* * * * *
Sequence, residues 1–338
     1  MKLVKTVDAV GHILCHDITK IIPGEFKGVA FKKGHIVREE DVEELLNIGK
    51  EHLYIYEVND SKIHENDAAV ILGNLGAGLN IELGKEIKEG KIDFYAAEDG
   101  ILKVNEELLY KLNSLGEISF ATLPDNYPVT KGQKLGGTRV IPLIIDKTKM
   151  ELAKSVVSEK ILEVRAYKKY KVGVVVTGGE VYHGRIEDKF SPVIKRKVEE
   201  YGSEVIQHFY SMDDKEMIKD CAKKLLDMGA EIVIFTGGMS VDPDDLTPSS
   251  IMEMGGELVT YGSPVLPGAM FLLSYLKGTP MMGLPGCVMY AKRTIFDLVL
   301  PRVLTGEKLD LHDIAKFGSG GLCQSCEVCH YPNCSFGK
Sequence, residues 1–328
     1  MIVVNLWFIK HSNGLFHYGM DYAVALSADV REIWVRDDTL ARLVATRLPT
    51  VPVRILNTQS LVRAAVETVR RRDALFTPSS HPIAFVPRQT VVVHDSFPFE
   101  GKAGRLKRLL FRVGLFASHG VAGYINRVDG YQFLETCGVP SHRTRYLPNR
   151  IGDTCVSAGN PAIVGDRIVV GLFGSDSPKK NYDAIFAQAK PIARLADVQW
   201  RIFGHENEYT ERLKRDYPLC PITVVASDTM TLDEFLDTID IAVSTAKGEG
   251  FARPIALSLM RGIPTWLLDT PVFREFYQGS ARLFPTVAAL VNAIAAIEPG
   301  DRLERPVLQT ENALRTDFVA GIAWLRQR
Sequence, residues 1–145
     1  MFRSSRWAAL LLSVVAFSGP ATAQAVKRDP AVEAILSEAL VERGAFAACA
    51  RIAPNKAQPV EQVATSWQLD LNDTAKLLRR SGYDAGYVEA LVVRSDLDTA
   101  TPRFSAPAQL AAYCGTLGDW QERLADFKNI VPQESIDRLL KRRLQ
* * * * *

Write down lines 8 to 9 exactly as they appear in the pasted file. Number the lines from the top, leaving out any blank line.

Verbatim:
   301  PRVLTGEKLD LHDIAKFGSG GLCQSCEVCH YPNCSFGK
Sequence, residues 1–328